Rufus C. Somerby
Rufus C. Somerby (c. 1833 - 1903?) was an entertainer, showman, and panoramist in the mid-nineteenth century, and one of a very few men of his profession to leave behind any memoirs or account of his activities. He is chiefly known through a series of articles published in 1903 and 1904 in The Billboard, the ancestor of today's "Billboard Magazine," which at the time was a trade journal for circus, carnival, and theatrical performers and managers. Mr. Somerby operated several moving panoramas under the management of Boston's George K. Goodwin, including a panorama of "Dr. Kane's Arctic Voyages," and also was involved in mechanical theatres. He worked as an agent for P.T. Barnum, bringing one such mechanical theatre, "Thiodon's Theatre of Arts," from the United Kingdom to the United States for an exhibition at Barnum's American Museum. Later, after this mechanical show was completed his run, he oversaw its re-making into two smaller such theatres, one of which had its figures re-painted to as to present not "The Battle of Balaclava" in the Crimean War, but the assault on Fort Sumter, by a panorama broker in Providence, Rhode Island.
Somerby himself may possibly have served in the U.S. Civil War; a man of that name was a lieutenant in both Companies "A" and "B" of the Ninth Kentucky Infantry Regiment. After his service, he returned to the show trade, working with the well-known Boston actor and theatrical agent, Edward P. Kendall as part of a variety troupe, established in 1867, which toured the country. Other members of this troupe included John Maguire, Barney McNulty, C. Amory Bruce, L. M. W. Steere and D. B. Hodges. Somerby also headed his own bills as a professional lecturer; in 1877, there is a record of his operating his own Fair, which included himself as "graphic lecturer" (probably with a panorama), O-car Shaffer, a "facial contortionist," Shaffer's wife the singer Louise Shaffer, and a player of the "musical glasses" (probably a sort of glass harmonica).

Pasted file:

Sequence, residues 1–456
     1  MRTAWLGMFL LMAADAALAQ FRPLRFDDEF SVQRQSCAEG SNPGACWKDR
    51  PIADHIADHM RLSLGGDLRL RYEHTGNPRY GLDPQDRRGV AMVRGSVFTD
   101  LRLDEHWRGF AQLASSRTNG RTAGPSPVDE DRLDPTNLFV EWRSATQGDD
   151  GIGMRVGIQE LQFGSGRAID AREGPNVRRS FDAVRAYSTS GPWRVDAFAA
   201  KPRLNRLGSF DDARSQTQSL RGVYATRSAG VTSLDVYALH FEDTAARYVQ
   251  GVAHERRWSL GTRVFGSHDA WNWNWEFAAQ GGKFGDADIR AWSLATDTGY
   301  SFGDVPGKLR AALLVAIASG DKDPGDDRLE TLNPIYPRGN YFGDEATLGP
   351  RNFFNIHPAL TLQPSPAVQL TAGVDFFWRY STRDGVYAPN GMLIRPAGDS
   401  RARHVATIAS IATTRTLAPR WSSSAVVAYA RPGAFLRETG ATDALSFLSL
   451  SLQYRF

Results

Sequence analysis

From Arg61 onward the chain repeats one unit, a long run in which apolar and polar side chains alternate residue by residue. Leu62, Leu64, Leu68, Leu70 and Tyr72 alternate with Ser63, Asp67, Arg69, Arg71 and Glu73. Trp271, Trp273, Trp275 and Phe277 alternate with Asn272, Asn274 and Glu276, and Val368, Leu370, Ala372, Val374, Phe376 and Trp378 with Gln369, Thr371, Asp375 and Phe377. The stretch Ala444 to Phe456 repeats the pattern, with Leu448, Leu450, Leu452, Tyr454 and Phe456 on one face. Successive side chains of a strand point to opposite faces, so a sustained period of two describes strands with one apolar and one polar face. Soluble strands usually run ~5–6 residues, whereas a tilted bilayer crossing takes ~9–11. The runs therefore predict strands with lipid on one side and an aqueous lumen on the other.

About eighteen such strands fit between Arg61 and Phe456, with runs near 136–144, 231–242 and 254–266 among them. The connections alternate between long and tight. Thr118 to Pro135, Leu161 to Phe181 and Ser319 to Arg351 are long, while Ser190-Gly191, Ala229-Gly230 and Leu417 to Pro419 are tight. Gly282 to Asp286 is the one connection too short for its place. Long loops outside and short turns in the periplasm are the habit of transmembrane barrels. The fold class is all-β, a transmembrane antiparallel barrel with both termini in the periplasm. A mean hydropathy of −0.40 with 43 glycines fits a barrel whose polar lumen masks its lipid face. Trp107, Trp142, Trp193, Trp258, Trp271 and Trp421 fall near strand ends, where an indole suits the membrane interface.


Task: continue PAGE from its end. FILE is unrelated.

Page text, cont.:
Articles in The Billboard
Somerby's career is known chiefly through a series of articles which appeared in The Billboard between December 1903 and December of 1904 under the by-name "Doctor Judd." In these columns, the good Doctor offered his reminiscences over the decline of the panorama trade, which by then was almost entirely eclipsed by motion picture exhibition; as he remarks that "all the old panorama men who catered to the last generation with their exhibitions are fast passing away, and soon they and their shows will be forgotten." Yet puzzlingly, although Dr. Judd goes on to lament the recent death in Boston of Rufus Somerby, the first-person accounts given in the articles are all of shows at which Somerby was the lecturer. It's possible that the author, an acquaintance of Somerby, worked alongside him in some capacity, or is quoting from some memoir written by him. Or, alternatively, the "Judd" identity, and the conceit that he mourns the passing of Somerby, may be a ploy, and Somerby himself may have been "Dr. Judd." Be that as it may, the description of Somerby's activities is rich in period detail:
- "I first met Rufus Somerby years and years ago, in what was then called the Western Country -- Ohio, Michigan, Indiana, and Illinois -- when we had but few railroads, and all shows then travelling had to have their own conveyances or take the public stages to get over the country. In those days, Somerby was exhibiting a panorama called the "Pilgrim [sic] Progress," travelling in his own red wagon throughout the above named states. Wandering about those states in the early days with our panoramas we had to exhibit in all kinds of places: sometimes the dining room of various taverns, then an empty store would be turned into an exhibition room. Other times the school or court-house would be utilized. A number of times, our 'hall"'was the village blacksmith shop."